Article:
Motorhead Biography

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In 1975, Lemmy (Ian Fraser Kilmister, 24 December 1945, Stoke-on-Trent, Staffordshire, England; vocals/bass) was sacked from Hawkwind after being detained for five days at Canadian customs on possession charges. The last song he wrote for them was entitled ‘Motörhead’, and, after ditching an earlier suggestion, Bastard, this became the name of the band he formed with Larry Wallis of the Pink Fairies on guitar and Lucas Fox on drums. Together they made their debut supporting Greenslade at the Roundhouse, London, on 20 July 1975. A projected album for United Artists Records was shelved, although the sessions were eventually released on 1979’s On Parole. Fox left during these sessions to join Warsaw Pakt, and was replaced by ‘Philthy Animal’ Phil Taylor (b. 21 September 1954, Chesterfield, England; drums), a casual friend of Lemmy’s with no previous professional musical experience. Motörhead was a four-piece band for less than a month, with Taylor’s friend Eddie Clarke aka ‘Fast’ Eddie Clarke (b. 5 October 1950, Twickenham, London, England) of Continuous Performance as second guitarist, until Wallis returned to the Pink Fairies.

The Lemmy/Taylor/Clarke combination lasted six years until 1982, in which time they became one of the most famous trios in heavy metal. With a following made up initially of Hells Angels (Lemmy had formerly lived with their president, Tramp, for whom he wrote the biker epic ‘Iron Horse’), the band made their official debut with the eponymous ‘Motörhead’/‘City Kids’. A similarly titled debut album charted, before the band moved over to Bronze Records. Overkill and Bomber (both 1979) firmly established the band’s modus operandi, a fearsome barrage of instruments topped off by Lemmy’s hoarse invocations. They toured the world regularly and enjoyed hits with ‘Ace Of Spades’ (one of the definitive heavy metal performances, it graced a 1980 album of the same name that saw the band at the peak of their popularity) and the Top 5 EP St. Valentine’s Day Massacre (as Headgirl or Motörheadgirlschool). Their reputation as the best live band of their generation was further enhanced by the release of No Sleep ’Til Hammersmith, which entered the UK charts at number 1 in 1981.

In May 1982 Clarke left, citing musical differences, and was replaced by Brian Robertson (b. 12 February 1956, Clarkston, Scotland), who had previously played with Thin Lizzy and Wild Horses. This combination released 1983’s Another Perfect Day, but this proved to be easily the least popular of all Motörhead line-ups. Robertson was replaced in November 1983 by Würzel (b. Michael Burston, 23 October 1949, Cheltenham, England; guitar) - so-called on account of his scarecrow-like hair - and Philip Campbell (b. 7 May 1961, Pontypridd, Wales; guitar, ex-Persian Risk), thereby swelling the Motörhead ranks to four. Two months later and, after a final appearance on UK television’s The Young Ones, Taylor left to join Robertson in Operator, and was replaced by ex-Saxon drummer Pete Gill (b. Peter Gill, 9 June 1951, England). Gill remained with the band until 1987 and played on several fine albums including their GWR debut Orgasmatron (1986), the title track of which saw Lemmy’s lyric-writing surpass itself.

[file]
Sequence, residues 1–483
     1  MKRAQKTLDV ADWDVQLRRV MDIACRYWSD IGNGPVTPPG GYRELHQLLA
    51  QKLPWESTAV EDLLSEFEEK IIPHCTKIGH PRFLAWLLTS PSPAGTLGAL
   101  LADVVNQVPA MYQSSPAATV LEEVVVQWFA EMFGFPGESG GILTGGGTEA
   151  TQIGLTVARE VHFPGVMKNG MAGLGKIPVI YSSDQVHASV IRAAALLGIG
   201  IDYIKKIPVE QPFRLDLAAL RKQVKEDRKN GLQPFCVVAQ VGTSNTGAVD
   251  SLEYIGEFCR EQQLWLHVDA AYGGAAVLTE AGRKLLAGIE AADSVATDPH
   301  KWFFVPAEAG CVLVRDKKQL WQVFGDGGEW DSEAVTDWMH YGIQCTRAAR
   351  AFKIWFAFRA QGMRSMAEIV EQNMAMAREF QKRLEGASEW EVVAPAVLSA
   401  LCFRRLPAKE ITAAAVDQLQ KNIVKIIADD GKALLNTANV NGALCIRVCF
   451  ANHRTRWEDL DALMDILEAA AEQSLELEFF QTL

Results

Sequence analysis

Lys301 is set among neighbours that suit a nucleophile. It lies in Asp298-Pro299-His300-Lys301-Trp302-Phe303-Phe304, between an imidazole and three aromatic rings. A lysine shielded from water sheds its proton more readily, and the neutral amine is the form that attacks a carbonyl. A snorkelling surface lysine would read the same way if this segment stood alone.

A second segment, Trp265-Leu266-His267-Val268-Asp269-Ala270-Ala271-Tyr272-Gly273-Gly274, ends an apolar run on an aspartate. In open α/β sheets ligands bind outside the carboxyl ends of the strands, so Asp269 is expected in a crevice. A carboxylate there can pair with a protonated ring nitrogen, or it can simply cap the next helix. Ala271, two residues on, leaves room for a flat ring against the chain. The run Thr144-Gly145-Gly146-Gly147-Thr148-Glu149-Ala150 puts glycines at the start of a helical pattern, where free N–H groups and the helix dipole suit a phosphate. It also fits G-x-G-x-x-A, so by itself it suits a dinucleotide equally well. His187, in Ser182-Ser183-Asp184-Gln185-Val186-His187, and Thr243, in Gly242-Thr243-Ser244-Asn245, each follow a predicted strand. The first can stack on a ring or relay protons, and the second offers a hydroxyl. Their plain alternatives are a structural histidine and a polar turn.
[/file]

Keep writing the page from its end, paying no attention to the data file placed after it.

By 1987 Phil Taylor had rejoined Motörhead, and the line-up remained unchanged for five years, during which time Lemmy made his acting debut in the Comic Strip film Eat The Rich, followed by other celluloid appearances including the role of a taxi driver in Hardware. In 1991, the band signed to the Epic Records subsidiary WTG, releasing the acclaimed 1916. The following year’s March Ör Die featured Tommy Aldridge (b. 15 August 1950, Pearl, Mississippi, USA) and Mikkey Dee (b. Michael Delaouglou, 31 October 1963, Gothenburg, Sweden, ex-King Diamond) on drums after Taylor was fired after recording just one track, and guest appearances by Ozzy Osbourne and Slash (Guns N’Roses). The title track revealed a highly sensitive side to Lemmy’s lyrical and vocal scope in the way it dealt with the horrors of war. On a more traditional footing, the band performed the theme song to the horror movie Hellraiser 3, and convinced the film’s creator, Clive Barker, to record his first promotional video with the band. Lemmy also hammed his way through insurance adverts on UK television, taking great delight in his press image of the unreconstructed rocker.

Dee was subsequently hired as the band’s full-time drummer, making his live debut in August 1992. Another change of record label followed, with ZYX releasing the following year’s Bastards, but the union proved short-lived. Wurzel left Motörhead in 1996 to form his own band, Wvkeaf. The line-up of Lemmy, Campbell and Dee continued to release albums on a regular basis for the CMC and SPV labels into the new millennium, showing no signs of slowing down. They received their first Grammy in 2005, winning the Best Metal Performance award for their cover version of Metallica’s ‘Whiplash’ from the Metallic Attack: The Ultimate Tribute Album. The idiosyncratic Lemmy singing style, usually half-growl, half-shout, and with his neck craned up at 45 degrees to the microphone, remains in place.

Source: The Encyclopedia of Popular Music by Colin Larkin. Licensed from Muze.

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